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Why do married women never feel welcome in their husbands' homes or even their parents homes after marriage? Where do they belong? Where is their home?
Why do married women never feel welcome in their husbands’ homes or even their parents homes after marriage? Where do they belong? Where is their home?
And one day, I asked myself, ‘Where do I belong?’ There I stood, staring at my own reflection, which eventually answered, ‘Nowhere.’
In the Indian society, for ages, it has been said that, after marriage, a girl’s house is the one where her husband lives. But o the in-laws actually accept the new member as a family member? If any of you say yes, I actually doubt that.
After taking the seven pheras, a woman becomes an integral part of the man’s bedroom, but she is hardly ever considered a part of the family. The couple may have been married for years but the woman is still considered an outsider.
I specifically remember two women who were talking about their husbands. These women were talking about how their husbands were close to their mothers in every matter. That made me wonder if the only reason the girls leave their own houses and families was to be a part of the kitchen and serve the man in his bedroom?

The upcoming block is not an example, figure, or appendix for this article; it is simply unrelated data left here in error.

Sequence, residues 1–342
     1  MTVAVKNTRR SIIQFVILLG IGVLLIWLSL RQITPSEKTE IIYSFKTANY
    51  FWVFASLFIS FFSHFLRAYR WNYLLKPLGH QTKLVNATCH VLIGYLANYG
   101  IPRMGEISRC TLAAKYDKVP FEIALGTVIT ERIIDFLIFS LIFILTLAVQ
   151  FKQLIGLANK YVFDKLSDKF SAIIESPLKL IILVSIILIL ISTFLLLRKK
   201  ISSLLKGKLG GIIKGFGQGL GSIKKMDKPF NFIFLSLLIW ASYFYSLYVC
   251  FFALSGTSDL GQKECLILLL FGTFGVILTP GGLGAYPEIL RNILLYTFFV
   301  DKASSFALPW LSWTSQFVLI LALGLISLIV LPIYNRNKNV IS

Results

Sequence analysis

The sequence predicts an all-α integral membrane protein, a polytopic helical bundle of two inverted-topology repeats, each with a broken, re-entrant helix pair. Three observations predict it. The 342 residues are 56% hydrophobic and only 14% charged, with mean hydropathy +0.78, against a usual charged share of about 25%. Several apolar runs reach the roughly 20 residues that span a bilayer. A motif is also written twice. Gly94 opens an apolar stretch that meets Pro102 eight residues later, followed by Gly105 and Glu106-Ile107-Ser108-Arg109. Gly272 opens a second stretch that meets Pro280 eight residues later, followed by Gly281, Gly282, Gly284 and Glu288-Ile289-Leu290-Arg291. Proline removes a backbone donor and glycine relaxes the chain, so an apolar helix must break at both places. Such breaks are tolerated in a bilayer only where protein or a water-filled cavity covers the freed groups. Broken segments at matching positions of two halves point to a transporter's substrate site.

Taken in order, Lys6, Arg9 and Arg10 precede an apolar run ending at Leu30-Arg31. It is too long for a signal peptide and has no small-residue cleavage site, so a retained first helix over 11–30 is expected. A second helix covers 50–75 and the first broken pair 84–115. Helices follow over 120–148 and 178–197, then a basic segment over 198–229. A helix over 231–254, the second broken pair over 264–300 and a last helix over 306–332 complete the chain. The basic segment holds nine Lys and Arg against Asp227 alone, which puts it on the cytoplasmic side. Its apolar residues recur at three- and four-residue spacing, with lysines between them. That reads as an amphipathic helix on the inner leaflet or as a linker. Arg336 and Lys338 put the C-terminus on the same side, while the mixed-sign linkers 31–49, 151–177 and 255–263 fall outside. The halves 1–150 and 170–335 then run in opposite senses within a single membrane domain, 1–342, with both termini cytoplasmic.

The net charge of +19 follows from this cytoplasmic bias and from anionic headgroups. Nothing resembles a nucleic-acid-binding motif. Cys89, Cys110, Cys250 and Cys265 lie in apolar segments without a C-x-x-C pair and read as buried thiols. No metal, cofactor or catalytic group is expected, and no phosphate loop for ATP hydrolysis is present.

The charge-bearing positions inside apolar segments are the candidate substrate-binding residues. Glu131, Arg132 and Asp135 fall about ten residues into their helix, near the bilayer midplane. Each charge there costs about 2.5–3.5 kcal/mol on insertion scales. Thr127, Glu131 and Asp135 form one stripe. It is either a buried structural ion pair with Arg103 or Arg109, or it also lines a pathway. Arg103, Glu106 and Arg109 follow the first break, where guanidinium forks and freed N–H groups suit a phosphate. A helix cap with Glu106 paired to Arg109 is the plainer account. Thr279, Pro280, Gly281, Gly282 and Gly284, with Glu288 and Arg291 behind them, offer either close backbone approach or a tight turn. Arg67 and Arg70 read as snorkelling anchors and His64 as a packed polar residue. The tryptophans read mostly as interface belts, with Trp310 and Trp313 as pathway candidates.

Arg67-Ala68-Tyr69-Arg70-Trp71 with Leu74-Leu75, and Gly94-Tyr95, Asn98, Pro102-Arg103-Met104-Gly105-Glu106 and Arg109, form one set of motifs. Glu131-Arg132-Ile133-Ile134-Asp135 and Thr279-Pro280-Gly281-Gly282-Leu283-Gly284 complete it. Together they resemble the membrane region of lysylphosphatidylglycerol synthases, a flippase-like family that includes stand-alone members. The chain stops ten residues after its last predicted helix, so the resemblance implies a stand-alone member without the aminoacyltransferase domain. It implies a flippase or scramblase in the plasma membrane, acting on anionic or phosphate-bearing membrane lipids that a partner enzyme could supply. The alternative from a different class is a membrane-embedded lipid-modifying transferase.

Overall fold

You’re given a hard dose of reality when your mother-in-law informs you ‘formally’ that the house isn’t yours. That, basically means you’re in that house only to sweep the floors, wash the clothes, cook for them and most importantly, to give birth to an heir. And mind you, this better be a male!
Large kingdoms have been lost, their names trashed now, but our society still desperately wants its waris. As if that will immortalise them and their name! (This makes me laugh)
When women realise that their married homes aren’t theirs (though legally it is) they turn to their parents. And though their parents love them, they can’t keep their daughter with them, log kya kahenge, you know?
Knowingly or unknowingly, even the parents make these women realise that they have to be the ones compromising and stay at their in-laws’ house. But that isn’t our house either!
Why can’t Indian parents just tell their daughters, “See, whatever happens, what matters is your happiness. And we are here with you, no matter what decision you take.”
But why do we as women see ourselves with all these crutches? Why can’t we just stand alone and strong just like that?
Picture credits: Still from short film Ghar Ki Murgi
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Noelle Page from The Other Side of Midnight, and Subbu from Aaranya Kandam, tell young women that "it's a man’s world, but you still have the power to bend it your way."
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